Scott Young wrote a good post about two types of progress when learning something new: logarithmic and exponential.
Anything you try to improve will have a growth curve. Imagine you ran everyday and you tracked your speed to finish a 5-mile course. Smoothing out the noise, over enough time you’d probably get a graph like this:
Here, improvement works on a logarithmic scale. As you get better, it gets harder and harder to improve. Elite athletes expend enormous effort to shave seconds off their best times. Novice athletes can shave minutes with just a little practice.
Logarithmic growth is the first type of growth. This is where you see a lot of progress in the beginning, but continuing progress is more difficult.
Now imagine a different graph. This time you’ve build a new website you update regularly and you’re measuring subscribers. This graph would likely look very different:
This is exponential growth, the second type of growth. Website traffic is often exponential because as a blog attracts more readers, there are more opportunities for word about the blog to spread. A blog with zero traffic also has zero word of mouth.
I’ve noticed most things tend to be either logarithmic or exponential growth. Despite this, linear progress is what most people expect. We tend to expect things to move in the same direction or rate as they have in the past. This violation of our expectation leads to some mistakes in how we set goals and act on them.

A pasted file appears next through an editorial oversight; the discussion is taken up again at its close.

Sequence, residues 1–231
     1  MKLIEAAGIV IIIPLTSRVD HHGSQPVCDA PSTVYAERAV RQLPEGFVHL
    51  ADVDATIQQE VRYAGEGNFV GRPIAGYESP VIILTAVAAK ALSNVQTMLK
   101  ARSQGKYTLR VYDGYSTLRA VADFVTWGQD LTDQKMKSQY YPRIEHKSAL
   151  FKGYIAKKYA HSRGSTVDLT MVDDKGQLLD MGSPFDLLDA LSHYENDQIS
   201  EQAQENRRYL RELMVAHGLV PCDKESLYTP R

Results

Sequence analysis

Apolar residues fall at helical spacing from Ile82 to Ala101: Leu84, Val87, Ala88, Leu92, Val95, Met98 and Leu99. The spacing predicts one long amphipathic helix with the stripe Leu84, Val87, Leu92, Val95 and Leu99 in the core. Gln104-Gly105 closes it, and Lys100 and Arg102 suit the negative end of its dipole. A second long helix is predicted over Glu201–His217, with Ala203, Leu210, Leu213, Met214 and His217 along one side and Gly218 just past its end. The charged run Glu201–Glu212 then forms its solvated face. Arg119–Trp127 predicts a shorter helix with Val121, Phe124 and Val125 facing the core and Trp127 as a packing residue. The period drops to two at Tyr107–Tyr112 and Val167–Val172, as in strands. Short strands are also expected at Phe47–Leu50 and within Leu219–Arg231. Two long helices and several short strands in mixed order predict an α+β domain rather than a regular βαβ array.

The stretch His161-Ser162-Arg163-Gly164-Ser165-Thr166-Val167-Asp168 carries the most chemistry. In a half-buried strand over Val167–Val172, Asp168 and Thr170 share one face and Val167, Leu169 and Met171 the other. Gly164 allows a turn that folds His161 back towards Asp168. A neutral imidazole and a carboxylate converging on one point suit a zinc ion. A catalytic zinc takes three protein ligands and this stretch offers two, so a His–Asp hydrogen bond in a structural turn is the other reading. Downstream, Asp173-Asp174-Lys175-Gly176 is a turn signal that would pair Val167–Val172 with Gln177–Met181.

Scott later offers advice on how to tell whether a given activity is one or the other:
The easiest way to tell is to look at how other people have progressed in that field. Don’t pay attention to their rates, just pay attention to the shape of their growth trajectory. Is it the kind that slows down with mastery or speeds up?
I’ve written about related themes in the past. Here’s my post about efforts where you see continuous, ongoing improvement vs. quantum leaps. Here’s my post about how formal schooling is an information rich environment where you receive constant feedback on how you’re doing, whereas in the real world you sometimes have to go months without knowing if you’re on the right track.